Duration: 30 days
Expenses: £1,570 or £53/day (AUD$2707 or AUD$90/day)
Well after a month travelling around Great Britain here are the highlights.
Soaking up sun in the English countryside
One of the best days of the trip was just parking on the side of the road near Hadrian’s Wall, soaking up the sun and playing card games on the grass.
Tossing the caber at the Scottish Highland Games
I’ve always wanted to go to The Highland Games in Scotland for the sake of my Scottish heritage. Not only that, but Petey and I competed and even tried the caber toss!
Surprises in The Lake District
A surprisingly nice cottage, surprisingly good weather, but unsurprisingly fantastic views. Having our own cottage and car in the The Lake District was the best way to see it all.
Plus we got to catch up with the Sexy Llamas!
Exploring quaint English villages
The Cotswolds had to be the best area to see beautiful villages in high density during the English summer. Cruising around the countryside with no firm itinerary was awesome!
The Lake District also had its fair share of nice Cumbrian villages though. Ambleside, Keswick and Buttermere were stunners.
Finding Pokémon at the Edinburgh Fringe
If the entertainment isn’t good enough for you, go find yourself a Pokémon. Even better though is finding Pokeball shaped cheesecake at Artisan Cheesecakes on Bruntsfield Pl. Probably the best cheesecake I have ever had in my life!
Seriously though, we did enjoy a few good comedy acts at the Edinburgh Fringe, but equally a bunch of terrible ones that were funnier laughing about later.
High Tea the English Way
The English love their afternoon tea and I think the best one was at Lucy’s in Stow during The Cotswolds trip.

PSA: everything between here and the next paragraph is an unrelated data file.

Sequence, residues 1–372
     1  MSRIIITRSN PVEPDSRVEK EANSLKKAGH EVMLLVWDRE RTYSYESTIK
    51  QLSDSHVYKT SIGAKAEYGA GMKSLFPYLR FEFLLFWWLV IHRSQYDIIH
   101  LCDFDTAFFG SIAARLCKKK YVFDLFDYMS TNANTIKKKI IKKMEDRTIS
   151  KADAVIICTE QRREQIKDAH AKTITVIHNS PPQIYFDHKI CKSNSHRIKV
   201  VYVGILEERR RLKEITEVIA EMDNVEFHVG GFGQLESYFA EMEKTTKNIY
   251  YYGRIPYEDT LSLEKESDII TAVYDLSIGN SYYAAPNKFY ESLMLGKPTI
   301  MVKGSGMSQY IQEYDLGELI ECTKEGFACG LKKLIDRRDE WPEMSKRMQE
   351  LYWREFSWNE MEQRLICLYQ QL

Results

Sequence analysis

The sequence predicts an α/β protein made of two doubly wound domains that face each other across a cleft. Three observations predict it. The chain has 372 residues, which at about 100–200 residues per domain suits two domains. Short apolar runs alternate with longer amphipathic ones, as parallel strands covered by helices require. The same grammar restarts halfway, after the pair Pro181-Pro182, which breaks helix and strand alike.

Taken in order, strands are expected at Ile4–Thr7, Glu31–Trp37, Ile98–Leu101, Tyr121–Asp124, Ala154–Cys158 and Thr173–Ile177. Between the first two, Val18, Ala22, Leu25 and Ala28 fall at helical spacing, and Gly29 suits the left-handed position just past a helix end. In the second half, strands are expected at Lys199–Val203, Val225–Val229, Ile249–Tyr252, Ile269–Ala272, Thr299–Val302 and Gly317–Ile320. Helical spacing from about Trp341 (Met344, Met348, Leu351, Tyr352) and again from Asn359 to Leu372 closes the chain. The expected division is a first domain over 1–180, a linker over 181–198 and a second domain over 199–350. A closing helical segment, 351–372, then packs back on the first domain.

A firm runner up was cream slice and tea in Derby.
Riding in an older than vintage car through the countryside
In Derby I also had the privilege of riding in a rebuilt 1926 Alvis through the English countryside. With the top down it was a bit chilly, but it was an amazing moment and the car drove like a dream!
Well let’s be honest, it isn’t really very exciting now is it. We had loads of meat pies, roasts, fish and chips, but sadly no pheasant.
I find it hard to get excited about British Food unless it’s a nice warm oven cooked meal in a cosy home.
We did try to appreciate the Scottish approach to frying everything though and tried out the deep fried Mars bar in Edinburgh
Adventures in the Isle of Skye
There’s also plenty of hiking opportunities and I really enjoyed my overnight hike to Loch Coriusk and spending a bit more time appreciating the Black Cuillin.
Catching up with friends who are family
Checking out the Roman Baths
Bath is actually a nice little English city with Roman ruins of all things. Something you’d probably associate more with Italy, but go check it out.
Contemplating the ancient wonder of Stonehenge
Last and certainly not least, Stonehenge. Ancient monoliths left behind by British ancestors that have stood the test of time so to say.
Being a well fed cheapskate
Thanks to Marks & Spencer, living on the cheap in the UK couldn’t be easier. Mosey on in around 5pm and snap up all the reduced to clear food. The food is really good! Especially the salads and you can eat for just a few £ per day this way while eating well.
Free camping is now legal in the UK, though finding a spot can sometimes be tricky. Check the rules on a website like this.
Booking in advance
Booking train tickets in advance is a must to avoid extortionate prices. In my experience buses were not such jerks and didn’t hike the price closer to the day.
I found that once price hikes occurred, you could bring it back down again by splitting your connections onto different tickets. Might not always work, but it saved me 50%.
But what about the others?…
Wait.. London wasn’t a highlight!? Well actually I completely avoided London this time. That’s not to say it’s not a nice city, but I’ve spent quite a while there before and it’s notoriously super expensive!
I realised that summer wasn’t the best time to see Wales and Scotland in the same trip. Otherwise Snowdonia probably would have looked a lot like the Scottish highlands and probably wouldn’t have looked snowy at all. An autumn or winter trip to both might make things more interesting with a dusting of snow!
Sadly I haven’t made it here again, but one day I’ll see the Emerald Isle.